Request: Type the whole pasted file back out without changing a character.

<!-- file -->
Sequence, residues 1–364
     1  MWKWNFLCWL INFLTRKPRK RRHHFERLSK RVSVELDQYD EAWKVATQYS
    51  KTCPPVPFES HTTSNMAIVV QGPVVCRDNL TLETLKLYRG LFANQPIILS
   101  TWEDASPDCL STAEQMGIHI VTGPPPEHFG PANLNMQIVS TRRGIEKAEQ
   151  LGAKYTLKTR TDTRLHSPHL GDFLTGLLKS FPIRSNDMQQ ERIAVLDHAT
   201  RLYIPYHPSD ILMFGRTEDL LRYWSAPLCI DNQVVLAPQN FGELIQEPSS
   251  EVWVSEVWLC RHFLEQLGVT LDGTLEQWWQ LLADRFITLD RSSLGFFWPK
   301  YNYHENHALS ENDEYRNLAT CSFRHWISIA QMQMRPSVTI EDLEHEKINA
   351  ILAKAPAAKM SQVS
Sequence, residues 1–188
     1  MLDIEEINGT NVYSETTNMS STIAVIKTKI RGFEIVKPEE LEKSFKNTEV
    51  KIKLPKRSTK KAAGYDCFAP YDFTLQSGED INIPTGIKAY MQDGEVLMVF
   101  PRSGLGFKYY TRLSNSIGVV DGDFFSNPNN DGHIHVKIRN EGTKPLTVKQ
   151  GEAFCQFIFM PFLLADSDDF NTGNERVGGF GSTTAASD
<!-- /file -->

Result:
Sequence, residues 1–364
     1  MWKWNFLCWL INFLTRKPRK RRHHFERLSK RVSVELDQYD EAWKVATQYS
    51  KTCPPVPFES HTTSNMAIVV QGPVVCRDNL TLETLKLYRG LFANQPIILS
   101  TWEDASPDCL STAEQMGIHI VTGPPPEHFG PANLNMQIVS TRRGIEKAEQ
   151  LGAKYTLKTR TDTRLHSPHL GDFLTGLLKS FPIRSNDMQQ ERIAVLDHAT
   201  RLYIPYHPSD ILMFGRTEDL LRYWSAPLCI DNQVVLAPQN FGELIQEPSS
   251  EVWVSEVWLC RHFLEQLGVT LDGTLEQWWQ LLADRFITLD RSSLGFFWPK
   301  YNYHENHALS ENDEYRNLAT CSFRHWISIA QMQMRPSVTI EDLEHEKINA
   351  ILAKAPAAKM SQVS
Sequence, residues 1–188
     1  MLDIEEINGT NVYSETTNMS STIAVIKTKI RGFEIVKPEE LEKSFKNTEV
    51  KIKLPKRSTK KAAGYDCFAP YDFTLQSGED INIPTGIKAY MQDGEVLMVF
   101  PRSGLGFKYY TRLSNSIGVV DGDFFSNPNN DGHIHVKIRN EGTKPLTVKQ
   151  GEAFCQFIFM PFLLADSDDF NTGNERVGGF GSTTAASD